Stimulant medications (drugs that enhance the activities of the brain and nervous system) have been used to treat ADHD and related childhood disorders since the 1930s. These medications have proven to be very effective in improving the basic symptoms of ADHD—including inattention, impulsivity and hyperactivity—in up to 90 percent of children.
Stimulant medications work well for ADHD because they are able to “balance out” the brain chemicals that make it hard for kids with the disorder to maintain attention and control their impulses.
There two families of compounds commonly used for ADHD:
These medications are available in different preparations under various brand names. The drugs will differ in how they're administered (for example, in tablets or capsules) and in how long they are effective (short-acting or long-acting).
Considerations before beginning medication
There are a few considerations involved when stimulant medications are prescribed for ADHD:
The most common side effects of stimulants include:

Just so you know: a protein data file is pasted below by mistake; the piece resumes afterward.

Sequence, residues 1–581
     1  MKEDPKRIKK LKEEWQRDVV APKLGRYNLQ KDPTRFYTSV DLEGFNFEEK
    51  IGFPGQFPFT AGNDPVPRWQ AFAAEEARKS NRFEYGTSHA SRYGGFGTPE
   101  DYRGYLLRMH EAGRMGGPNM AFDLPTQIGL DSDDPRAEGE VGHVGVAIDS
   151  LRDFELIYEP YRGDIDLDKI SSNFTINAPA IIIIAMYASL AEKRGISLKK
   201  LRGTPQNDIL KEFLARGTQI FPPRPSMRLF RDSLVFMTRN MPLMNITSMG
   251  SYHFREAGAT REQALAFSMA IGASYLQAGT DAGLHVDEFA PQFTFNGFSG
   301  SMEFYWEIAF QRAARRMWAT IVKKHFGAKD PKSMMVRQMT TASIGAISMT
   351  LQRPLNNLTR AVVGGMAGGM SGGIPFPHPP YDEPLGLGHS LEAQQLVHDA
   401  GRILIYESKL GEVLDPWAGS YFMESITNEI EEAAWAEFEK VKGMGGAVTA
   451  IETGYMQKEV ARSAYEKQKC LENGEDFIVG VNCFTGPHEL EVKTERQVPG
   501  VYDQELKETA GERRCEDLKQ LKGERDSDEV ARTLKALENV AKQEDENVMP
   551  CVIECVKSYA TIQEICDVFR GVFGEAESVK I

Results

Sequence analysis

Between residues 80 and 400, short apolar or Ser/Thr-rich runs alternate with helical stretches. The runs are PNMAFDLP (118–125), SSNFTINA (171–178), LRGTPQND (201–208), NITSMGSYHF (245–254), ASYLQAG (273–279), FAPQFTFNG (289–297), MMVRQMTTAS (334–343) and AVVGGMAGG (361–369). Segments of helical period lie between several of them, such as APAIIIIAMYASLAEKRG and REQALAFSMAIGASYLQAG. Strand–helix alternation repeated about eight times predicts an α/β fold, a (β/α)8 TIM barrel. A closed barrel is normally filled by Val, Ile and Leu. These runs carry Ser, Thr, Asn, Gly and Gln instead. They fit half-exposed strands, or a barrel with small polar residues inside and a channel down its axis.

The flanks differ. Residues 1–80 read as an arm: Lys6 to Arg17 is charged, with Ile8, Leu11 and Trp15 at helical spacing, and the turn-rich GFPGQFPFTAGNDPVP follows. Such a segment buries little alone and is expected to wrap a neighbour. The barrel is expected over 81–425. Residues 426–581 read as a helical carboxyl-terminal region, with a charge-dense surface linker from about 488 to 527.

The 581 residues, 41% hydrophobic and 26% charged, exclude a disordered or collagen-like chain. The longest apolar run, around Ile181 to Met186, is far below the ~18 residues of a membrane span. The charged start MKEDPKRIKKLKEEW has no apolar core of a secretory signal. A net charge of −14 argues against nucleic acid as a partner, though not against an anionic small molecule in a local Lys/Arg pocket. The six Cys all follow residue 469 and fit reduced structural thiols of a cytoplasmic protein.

Most side effects associated with stimulant medications:
Before starting your child on a stimulant, your treating clinician will obtain a thorough medical and family history and perform a physical examination, including checking your child's pulse, blood pressure and heart rate. Electrocardiograms (EKGs) and further heart tests are not usually necessary, unless an abnormality shows up in your child's medical or family history or during a physical exam.
An important note: If your child has any type of heart problem, she should always be examined and cleared by a cardiologist before beginning any new medication.
Learn more about medications used to treat ADHD.
Kids with ADHD can also benefit from some common behavioral modification therapies, including:
A combination of behavioral modification therapy and medication is usually more effective than either approach alone, at least in the short term. Your child's treating clinician is the best source of information in determining what treatment methods to try, when to implement them and for how long.